LANSING | When the Dari-Ville ice cream stand that has been located for 50 years at 179th Street and Burnham Avenue closes on Sunday, it won’t be for just the summer. It will be for good.
Joe Melko, who has operated the stand at 17859 Burnham Ave. for the past 14 years, says the cost of a small business operating in Illinois so close to the Indiana border has just become too high for him to continue.
Melko said Tuesday that this will be the final week of business for the summer 2013 season.
When Dari-Ville reopens in the spring, it will be located next to a Subway Sandwiches franchise at 917 Sheffield St., in Dyer, which Melko owns.
“It will continue to be an outdoor stand with no seating, but if people want to buy an ice cream cone and come into the Subway to sit down and order a sandwich, they will be welcome,” he said.
Melko said he wishes he could continue to operate in Lansing, saying he appreciates the tradition and customers who make the trip to the Burnham Avenue location even if they no longer live in the area.
“We’ve had people come here from Indianapolis and Aurora, saying they wanted to get one last cone and have their pictures taken here,” Melko said. “It’s hard to come by customers who are that loyal to a business.”
Melko said the problem with remaining in Lansing is his location, three blocks north of Ridge Road, which he owns, and is currently looking for a buyer.
If he were on Ridge Road, Melko said there would be the chance that Lansing municipal government could offer him tax incentives to make it financially viable for him to remain open, or offer other financial help to upgrade the stand.
His stand is considered too far from Ridge Road to fall within the Tax Increment Finance district the village uses to bolster the downtown business district.
“Ridge Road is 182nd Street, while I’m 179th Street,” Melko said. “It’s only three blocks, but it’s far enough.”
Melko said he met with Village President Norm Abbott and other municipal officials back in December, but came to the conclusion that Lansing government could not do enough to make it viable for him to stay.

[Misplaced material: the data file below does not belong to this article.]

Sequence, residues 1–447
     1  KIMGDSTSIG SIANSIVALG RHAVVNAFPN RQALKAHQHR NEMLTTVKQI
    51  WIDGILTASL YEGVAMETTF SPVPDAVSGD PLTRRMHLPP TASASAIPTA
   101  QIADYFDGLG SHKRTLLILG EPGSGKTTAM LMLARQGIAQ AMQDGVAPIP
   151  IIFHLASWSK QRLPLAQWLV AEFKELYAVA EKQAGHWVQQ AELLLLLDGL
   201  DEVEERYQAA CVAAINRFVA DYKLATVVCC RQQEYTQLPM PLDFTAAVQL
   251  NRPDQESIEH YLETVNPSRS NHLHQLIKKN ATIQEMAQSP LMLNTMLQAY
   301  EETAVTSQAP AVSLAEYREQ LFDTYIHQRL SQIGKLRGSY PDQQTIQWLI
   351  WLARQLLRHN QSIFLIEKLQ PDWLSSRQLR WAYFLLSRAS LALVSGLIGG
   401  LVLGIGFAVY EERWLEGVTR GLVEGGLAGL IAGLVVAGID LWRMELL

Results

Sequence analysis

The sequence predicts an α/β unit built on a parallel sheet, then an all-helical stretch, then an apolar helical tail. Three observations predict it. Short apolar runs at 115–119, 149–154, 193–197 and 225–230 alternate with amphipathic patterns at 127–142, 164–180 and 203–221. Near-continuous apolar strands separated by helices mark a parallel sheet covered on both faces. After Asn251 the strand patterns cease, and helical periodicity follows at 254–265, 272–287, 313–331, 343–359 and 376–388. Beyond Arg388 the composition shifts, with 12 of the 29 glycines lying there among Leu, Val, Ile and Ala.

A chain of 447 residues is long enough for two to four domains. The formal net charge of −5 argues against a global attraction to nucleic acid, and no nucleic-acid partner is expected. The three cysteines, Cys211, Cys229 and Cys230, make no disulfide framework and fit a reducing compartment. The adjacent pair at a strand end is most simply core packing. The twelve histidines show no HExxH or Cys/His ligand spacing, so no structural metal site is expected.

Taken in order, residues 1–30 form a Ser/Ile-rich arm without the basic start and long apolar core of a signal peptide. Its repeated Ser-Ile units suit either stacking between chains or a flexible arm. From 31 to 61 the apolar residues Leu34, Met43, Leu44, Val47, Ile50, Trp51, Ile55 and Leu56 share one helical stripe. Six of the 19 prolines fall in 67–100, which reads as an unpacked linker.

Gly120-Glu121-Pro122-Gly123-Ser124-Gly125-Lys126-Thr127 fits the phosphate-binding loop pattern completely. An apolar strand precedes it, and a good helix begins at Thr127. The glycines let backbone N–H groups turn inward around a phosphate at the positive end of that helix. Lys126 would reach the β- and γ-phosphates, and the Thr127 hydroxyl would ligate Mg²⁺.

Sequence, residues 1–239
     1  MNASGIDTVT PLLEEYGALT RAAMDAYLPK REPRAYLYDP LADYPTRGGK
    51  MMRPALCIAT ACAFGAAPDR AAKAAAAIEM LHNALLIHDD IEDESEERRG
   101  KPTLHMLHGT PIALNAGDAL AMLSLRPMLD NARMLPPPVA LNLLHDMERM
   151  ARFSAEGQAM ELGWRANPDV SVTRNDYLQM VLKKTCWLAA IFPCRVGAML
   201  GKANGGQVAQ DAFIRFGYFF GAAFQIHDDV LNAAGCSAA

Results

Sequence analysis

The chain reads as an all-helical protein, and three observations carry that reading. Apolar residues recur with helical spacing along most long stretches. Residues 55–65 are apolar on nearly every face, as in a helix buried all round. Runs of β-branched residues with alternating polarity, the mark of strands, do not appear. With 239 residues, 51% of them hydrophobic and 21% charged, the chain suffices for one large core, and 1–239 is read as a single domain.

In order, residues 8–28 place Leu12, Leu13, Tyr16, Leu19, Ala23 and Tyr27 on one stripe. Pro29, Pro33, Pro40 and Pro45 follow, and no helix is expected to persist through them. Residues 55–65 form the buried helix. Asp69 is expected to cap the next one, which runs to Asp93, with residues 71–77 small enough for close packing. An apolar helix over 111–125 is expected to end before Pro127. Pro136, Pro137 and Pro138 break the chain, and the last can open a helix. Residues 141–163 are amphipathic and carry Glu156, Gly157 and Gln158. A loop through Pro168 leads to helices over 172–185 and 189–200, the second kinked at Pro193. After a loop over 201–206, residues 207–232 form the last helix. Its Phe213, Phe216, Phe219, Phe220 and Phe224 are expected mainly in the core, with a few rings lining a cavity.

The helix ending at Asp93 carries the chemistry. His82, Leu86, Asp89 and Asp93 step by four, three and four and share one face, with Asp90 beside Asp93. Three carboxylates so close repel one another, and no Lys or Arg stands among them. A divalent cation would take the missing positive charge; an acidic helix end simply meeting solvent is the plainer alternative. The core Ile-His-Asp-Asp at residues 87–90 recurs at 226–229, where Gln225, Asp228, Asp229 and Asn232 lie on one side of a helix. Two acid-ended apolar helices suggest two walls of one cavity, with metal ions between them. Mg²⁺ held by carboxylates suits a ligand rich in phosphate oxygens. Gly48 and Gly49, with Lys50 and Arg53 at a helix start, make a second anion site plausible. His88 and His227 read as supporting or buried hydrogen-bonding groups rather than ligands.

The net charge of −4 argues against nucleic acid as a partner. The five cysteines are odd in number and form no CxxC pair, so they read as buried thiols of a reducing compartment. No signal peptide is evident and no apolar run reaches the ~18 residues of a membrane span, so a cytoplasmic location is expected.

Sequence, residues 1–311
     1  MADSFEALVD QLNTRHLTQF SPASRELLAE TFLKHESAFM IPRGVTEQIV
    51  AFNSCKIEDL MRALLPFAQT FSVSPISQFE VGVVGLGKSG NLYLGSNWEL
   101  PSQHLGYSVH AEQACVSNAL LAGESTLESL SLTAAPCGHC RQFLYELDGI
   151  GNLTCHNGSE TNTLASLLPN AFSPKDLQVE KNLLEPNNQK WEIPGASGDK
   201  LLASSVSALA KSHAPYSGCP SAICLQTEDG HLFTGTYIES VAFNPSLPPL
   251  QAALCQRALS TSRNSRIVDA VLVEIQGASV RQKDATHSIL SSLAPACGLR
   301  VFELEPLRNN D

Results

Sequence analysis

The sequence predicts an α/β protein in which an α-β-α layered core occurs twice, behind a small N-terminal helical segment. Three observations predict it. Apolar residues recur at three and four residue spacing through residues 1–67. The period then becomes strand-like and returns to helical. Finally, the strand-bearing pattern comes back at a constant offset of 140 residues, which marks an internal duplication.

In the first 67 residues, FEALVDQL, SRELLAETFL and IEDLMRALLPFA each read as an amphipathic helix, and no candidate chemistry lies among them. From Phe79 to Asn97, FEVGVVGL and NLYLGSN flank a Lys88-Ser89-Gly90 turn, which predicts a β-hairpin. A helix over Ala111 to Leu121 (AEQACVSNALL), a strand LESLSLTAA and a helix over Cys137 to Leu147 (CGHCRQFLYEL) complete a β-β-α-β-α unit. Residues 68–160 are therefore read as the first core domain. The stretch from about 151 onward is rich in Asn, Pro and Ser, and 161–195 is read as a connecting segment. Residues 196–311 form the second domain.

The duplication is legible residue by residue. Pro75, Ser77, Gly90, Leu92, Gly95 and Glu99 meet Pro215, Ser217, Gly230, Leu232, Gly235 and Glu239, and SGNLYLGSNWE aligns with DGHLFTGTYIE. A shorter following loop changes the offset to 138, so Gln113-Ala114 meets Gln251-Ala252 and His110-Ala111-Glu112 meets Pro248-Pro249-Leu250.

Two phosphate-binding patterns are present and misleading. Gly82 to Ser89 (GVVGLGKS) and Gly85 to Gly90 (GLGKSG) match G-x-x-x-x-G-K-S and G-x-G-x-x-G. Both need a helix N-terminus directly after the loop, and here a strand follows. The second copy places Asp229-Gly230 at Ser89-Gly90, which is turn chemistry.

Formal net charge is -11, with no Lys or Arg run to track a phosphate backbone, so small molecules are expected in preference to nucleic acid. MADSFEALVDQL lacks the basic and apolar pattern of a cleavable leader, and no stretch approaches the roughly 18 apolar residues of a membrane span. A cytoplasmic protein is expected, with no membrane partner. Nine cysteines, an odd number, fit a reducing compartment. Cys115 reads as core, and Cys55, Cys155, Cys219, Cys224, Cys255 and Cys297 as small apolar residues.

Abbott said he did meet with Melko, whom he has known personally for several years. But he said Melko wanted his ice cream stand included in proposals that would have brought a CVS pharmacy to the site just north of the stand that was occupied by a Dollar Store. "He was interested in a larger project," Abbott said. "We weren't able to offer him anything."
Nonetheless, Abbott said he appreciates the significance of losing the long-time ice cream stand. "We can't always be of help," Abbott said. "We wish him the best of luck at his new location."
Lansing Planning and Development Director Kristi DeLaurentiis, whose office usually oversees such talks with local businesses, said she had not met with Melko.
Dari-Ville is not the only business on Burnham Avenue to leave in recent years. A bakery and music store that used to be located just a block north of the ice cream stand also have closed.
“I know there are limits to what (Lansing officials) can do, but can’t they talk to Cook County officials to try to get them to lower some of these taxes?” Melko said. “I just can’t afford to stay in Lansing anymore.”